Jonathan Bowers was the first to create large numbers in the way googologists do today, not just creating large numbers just to show how easy it is to define really big numbers, but to seriously try to define and make names for the biggest numbers you can! Googologists soon followed in spirit of Bowers, and the googology community gradually formed. Before Bowers' googology there wasn't much information on the Internet relevant to large numbers, mostly short pages written by math professors about the "classic" large numbers - an exception is Robert Munafo's large number site, created 1997 (5 years before Bowers published his notation). Now there is very much information on very large numbers on the Internet, such as Sbiis Saibian's site, Googology Wiki, my own large number site, Peter Hurford's blog posts, Adam Goucher's blog posts, Chris Bird's large number papers, and several other sites created by members of the googology community - I have compiled a list of anything on the Internet I find to be relevant to large numbers here. All this was caused by the "large number revolution" Bowers started.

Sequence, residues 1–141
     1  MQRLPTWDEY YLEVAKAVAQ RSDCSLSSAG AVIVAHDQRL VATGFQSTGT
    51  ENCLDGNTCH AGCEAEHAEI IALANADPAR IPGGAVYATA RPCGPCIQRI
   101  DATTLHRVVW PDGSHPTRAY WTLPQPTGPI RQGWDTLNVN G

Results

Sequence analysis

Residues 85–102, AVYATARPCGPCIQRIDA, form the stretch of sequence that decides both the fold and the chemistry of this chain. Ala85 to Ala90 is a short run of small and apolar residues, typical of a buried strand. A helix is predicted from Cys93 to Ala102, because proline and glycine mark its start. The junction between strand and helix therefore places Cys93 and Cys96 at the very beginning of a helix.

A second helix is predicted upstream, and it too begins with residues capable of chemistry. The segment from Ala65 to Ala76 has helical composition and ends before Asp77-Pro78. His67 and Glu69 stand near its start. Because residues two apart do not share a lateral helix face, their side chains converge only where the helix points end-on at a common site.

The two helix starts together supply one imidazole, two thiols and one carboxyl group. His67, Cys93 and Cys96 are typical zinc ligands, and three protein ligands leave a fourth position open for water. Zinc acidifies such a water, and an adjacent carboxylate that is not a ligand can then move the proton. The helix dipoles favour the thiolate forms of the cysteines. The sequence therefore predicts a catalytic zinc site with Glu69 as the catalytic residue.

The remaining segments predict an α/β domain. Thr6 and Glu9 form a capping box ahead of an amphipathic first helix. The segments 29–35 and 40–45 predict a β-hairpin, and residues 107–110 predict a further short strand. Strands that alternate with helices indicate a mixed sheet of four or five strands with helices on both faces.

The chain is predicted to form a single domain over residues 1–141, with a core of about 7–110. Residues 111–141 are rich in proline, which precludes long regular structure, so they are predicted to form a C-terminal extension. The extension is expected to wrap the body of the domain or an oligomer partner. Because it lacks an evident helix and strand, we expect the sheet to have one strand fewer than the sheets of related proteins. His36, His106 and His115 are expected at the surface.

Jonathan Bowers' other work is mainly artistic work, visual or otherwise. He has written and drawn some cartoons in a series titled "Another Reality" (one comic of his is shown to the right). He has also written a story titled "Welcome to the Fourth Dimension" about a man who stumbles into a 4-dimensional world, and a rather creepy story relating to large numbers titled "Forever Endeavor" about an ordinary man who takes an opportunity to earn a million dollars but it ends up being an incredibly bad idea, as he is forced to do a seemingly eternal task, each part unimaginably longer than the previous, without a means of escape. His graphics of polytopes also fall under the category of "Bowers' artistic work".